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What to outsource during IoT application development

The rise of the internet of things is clear. According to a study by Red Hat, 21% of organizations have already incorporated IoT projects into their business, 28% plan to do so in the next year and 70% over the next five years.

Given that many companies want to include IoT into their existing business or offerings, the search for in-house talent is becoming grim. Businesses, therefore, opt to outsource part of all of their IoT needs in order to attain the necessary development skills.

Looking at the IoT development stack, various parts of the process can be outsourced. Some companies choose to outsource certain elements of an IoT project because they have some developers in-house but lack specific skills related to the development. This route implies companies can scale up and down quickly.

Before deciding whether or not to employ an outsourcing provider, companies have to look at the needs of an IoT product.

IoT development requirements

Source: Pixabay

The product begins with R&D. Companies must attain the technical skills to build the entire product, employing qualified developers and testers. Creating an IoT product requires more than just a developer. Teams need skills such as microprocessor programming, chip design experts and so forth.

Someone needs to manage the database of information, as well as analytics. What’s more of an issue to businesses is not just someone that can manage the data, but who can also manage security concerns. Data breaches are far too common, so the need for a security specialist is crucial. Someone on the team needs to handle application development platforms and also system integrations.

As there are a couple requirements to develop an IoT-based system, companies often choose to outsource the entire product. Another popular option is to hire an extended team to fill in the technical skills missing internally.

Why outsource IoT

As with any product, there is risk when developing an IoT product. A company could scale up internally, build the product and something could go wrong. Maybe certain functionality does not work, or there’s no real market need. Outsourcing is a way to mitigate risk.

Keeping the cost advantage in mind, outsourcing allows companies to hire many more engineers and specialists for a fraction of the cost. But, more importantly in the competitive world of IoT, companies can get to market faster by outsourcing. If, per Red Hat, so many businesses want to add IoT functionality, there will be more competition in this market, so timeliness is key. Outsourcing also offers the advantage of more flexibility and more creativity with a skilled team working on the project.

Which parts of an IoT product to outsource

Many organizations choose to outsource IoT from beginning to end. They either do not have or do not want to find the talent to complete the project. Others decide to outsource bits and pieces and use an internal team occasionally. Here’s a look at what companies can outsource during IoT application development:

Research and development
Outsourcing R&D is an often overlooked benefit. However, having third-party research and validating an idea is an excellent way to ensure the product or service is fit for market placement. Internally, companies can become tied to their own ideas and find ways to approve them. Using an outsider, however, can eliminate bias while capitalizing on the expertise that may not live in-house. Companies may also choose to outsource R&D so that team members can focus on core business functions — they simply may not have the time to devote to this endeavor.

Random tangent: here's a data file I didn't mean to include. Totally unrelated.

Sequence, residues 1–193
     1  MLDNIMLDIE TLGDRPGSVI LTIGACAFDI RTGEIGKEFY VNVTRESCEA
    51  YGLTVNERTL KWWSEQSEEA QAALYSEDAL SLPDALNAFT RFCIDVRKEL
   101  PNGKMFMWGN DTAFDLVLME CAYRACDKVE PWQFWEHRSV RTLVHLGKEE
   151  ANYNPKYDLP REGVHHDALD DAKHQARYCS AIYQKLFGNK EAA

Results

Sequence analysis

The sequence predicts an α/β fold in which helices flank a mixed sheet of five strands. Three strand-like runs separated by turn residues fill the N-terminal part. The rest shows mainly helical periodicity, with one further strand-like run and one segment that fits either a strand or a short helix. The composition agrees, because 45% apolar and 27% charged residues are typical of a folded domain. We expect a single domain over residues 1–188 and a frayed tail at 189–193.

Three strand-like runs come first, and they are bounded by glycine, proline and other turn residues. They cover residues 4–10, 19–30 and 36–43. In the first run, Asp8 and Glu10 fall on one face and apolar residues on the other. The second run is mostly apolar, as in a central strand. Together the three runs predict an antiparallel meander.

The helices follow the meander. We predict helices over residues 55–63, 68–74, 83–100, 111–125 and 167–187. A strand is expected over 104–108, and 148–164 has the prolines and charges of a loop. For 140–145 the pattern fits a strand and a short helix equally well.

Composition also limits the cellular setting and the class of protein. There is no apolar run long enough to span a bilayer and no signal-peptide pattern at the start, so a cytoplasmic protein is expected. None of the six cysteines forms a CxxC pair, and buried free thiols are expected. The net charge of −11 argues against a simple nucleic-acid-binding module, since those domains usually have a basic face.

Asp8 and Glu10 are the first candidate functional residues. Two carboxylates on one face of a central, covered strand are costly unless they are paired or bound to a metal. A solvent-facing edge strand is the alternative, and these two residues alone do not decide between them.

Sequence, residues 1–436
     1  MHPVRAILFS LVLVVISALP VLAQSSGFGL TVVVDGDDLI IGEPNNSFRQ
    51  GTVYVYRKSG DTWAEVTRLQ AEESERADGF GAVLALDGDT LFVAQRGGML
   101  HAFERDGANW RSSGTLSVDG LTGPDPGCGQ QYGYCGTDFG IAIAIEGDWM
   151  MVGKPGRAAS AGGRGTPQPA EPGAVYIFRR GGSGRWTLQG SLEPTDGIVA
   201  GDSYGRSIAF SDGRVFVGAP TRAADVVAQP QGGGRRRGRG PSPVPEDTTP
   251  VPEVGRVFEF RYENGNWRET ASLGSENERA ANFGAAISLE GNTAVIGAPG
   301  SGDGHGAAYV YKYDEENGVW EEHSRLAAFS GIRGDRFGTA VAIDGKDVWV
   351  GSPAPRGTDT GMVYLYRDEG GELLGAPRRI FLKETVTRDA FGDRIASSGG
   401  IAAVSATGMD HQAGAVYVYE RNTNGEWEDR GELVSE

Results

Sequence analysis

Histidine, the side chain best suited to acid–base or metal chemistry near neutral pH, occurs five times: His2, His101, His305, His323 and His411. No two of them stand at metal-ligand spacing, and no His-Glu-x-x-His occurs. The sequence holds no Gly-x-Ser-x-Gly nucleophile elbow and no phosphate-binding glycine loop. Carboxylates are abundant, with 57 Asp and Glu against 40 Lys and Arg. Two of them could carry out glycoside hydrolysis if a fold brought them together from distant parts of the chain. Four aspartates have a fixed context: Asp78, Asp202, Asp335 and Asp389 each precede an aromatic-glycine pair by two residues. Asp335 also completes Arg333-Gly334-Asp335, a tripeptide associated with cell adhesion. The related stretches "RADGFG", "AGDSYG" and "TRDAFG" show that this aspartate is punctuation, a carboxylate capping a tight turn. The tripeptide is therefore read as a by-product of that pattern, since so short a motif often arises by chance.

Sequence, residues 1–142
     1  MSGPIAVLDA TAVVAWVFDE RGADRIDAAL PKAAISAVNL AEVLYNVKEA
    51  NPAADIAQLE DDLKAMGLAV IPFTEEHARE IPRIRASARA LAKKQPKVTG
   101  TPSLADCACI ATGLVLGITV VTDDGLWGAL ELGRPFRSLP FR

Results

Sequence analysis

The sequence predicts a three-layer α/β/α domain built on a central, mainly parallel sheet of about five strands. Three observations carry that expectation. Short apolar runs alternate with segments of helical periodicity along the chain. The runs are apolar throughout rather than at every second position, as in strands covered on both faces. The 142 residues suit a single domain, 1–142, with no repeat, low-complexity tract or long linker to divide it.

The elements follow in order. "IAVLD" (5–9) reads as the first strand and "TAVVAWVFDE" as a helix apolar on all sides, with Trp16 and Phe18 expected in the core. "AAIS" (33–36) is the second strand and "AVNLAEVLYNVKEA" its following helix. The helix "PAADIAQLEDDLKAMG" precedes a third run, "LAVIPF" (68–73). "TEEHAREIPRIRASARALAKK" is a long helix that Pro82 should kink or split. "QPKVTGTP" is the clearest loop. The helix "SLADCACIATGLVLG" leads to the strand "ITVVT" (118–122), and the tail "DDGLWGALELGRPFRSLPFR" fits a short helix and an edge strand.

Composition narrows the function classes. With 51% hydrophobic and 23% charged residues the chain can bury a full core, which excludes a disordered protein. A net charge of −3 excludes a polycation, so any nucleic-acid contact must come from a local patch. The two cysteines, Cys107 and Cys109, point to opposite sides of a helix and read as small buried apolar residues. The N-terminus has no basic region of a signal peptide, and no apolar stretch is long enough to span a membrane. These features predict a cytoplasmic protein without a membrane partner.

Engineering talent
There are IoT developers who can help create the actual product. These developers often have a combination of skills including AI, mobile, user experience/user interface (UX/UI), IT networking, hardware interfacing and more. Since IoT developers are hard to find (and expensive to hire full time), businesses outsource to organizations that have this talent on staff.

IoT applications are all about the user experience. UX drives sales, increases conversions, strengthens the business-consumer relationship and keeps the focus on your customer base. If the product is difficult to use, then it will be even harder to sell or maintain. IoT UX and UI is relatively new, but increasing in importance as consumers adopt IoT technology for everyday use.

Cloud support
An in-house cloud service is impractical. Since there are many renowned services available, companies often offload this part of the IoT project. The costs associated with maintaining and upgrading a cloud service are far too high to handle in-house, especially when taking security concerns into consideration.

Security and data
According to Gemalto’s “The State of IoT Security” report, only 33% of respondents believed they had complete control over the data that their IoT products collect. As security concerns tighten and data breach consequences become more severe, businesses can opt to outsource security entirely rather than finding someone in-house to handle it.

Final recommendations for IoT outsourcing

Whether outsourcing all or just a part of an IoT project, it’s important to remember that not all outsourcing firms are created equal. While outsourcing cuts costs, remember to go with a provider that adds value — and not just one that offers the lowest price. Most importantly, you should find someone with experience and numerous success stories capable of developing and maintaining an IoT application.

All IoT Agenda network contributors are responsible for the content and accuracy of their posts. Opinions are of the writers and do not necessarily convey the thoughts of IoT Agenda.

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